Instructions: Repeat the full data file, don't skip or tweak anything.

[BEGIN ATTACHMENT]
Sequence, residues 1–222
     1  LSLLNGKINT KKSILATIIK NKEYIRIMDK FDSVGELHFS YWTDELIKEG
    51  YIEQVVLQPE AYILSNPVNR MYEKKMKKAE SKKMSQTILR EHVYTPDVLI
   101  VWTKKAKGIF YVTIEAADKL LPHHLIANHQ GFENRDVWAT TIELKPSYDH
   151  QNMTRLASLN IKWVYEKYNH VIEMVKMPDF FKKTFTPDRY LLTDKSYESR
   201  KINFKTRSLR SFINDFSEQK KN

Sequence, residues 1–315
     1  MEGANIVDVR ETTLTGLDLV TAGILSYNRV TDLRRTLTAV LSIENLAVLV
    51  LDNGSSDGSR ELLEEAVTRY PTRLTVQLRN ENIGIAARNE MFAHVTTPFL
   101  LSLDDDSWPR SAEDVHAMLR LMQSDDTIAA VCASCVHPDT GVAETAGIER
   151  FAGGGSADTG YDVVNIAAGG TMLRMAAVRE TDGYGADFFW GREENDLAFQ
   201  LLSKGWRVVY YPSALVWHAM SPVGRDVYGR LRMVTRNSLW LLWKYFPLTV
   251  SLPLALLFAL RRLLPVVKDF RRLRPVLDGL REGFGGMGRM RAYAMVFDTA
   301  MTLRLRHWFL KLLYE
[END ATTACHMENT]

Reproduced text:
Sequence, residues 1–222
     1  LSLLNGKINT KKSILATIIK NKEYIRIMDK FDSVGELHFS YWTDELIKEG
    51  YIEQVVLQPE AYILSNPVNR MYEKKMKKAE SKKMSQTILR EHVYTPDVLI
   101  VWTKKAKGIF YVTIEAADKL LPHHLIANHQ GFENRDVWAT TIELKPSYDH
   151  QNMTRLASLN IKWVYEKYNH VIEMVKMPDF FKKTFTPDRY LLTDKSYESR
   201  KINFKTRSLR SFINDFSEQK KN

Sequence, residues 1–315
     1  MEGANIVDVR ETTLTGLDLV TAGILSYNRV TDLRRTLTAV LSIENLAVLV
    51  LDNGSSDGSR ELLEEAVTRY PTRLTVQLRN ENIGIAARNE MFAHVTTPFL
   101  LSLDDDSWPR SAEDVHAMLR LMQSDDTIAA VCASCVHPDT GVAETAGIER
   151  FAGGGSADTG YDVVNIAAGG TMLRMAAVRE TDGYGADFFW GREENDLAFQ
   201  LLSKGWRVVY YPSALVWHAM SPVGRDVYGR LRMVTRNSLW LLWKYFPLTV
   251  SLPLALLFAL RRLLPVVKDF RRLRPVLDGL REGFGGMGRM RAYAMVFDTA
   301  MTLRLRHWFL KLLYE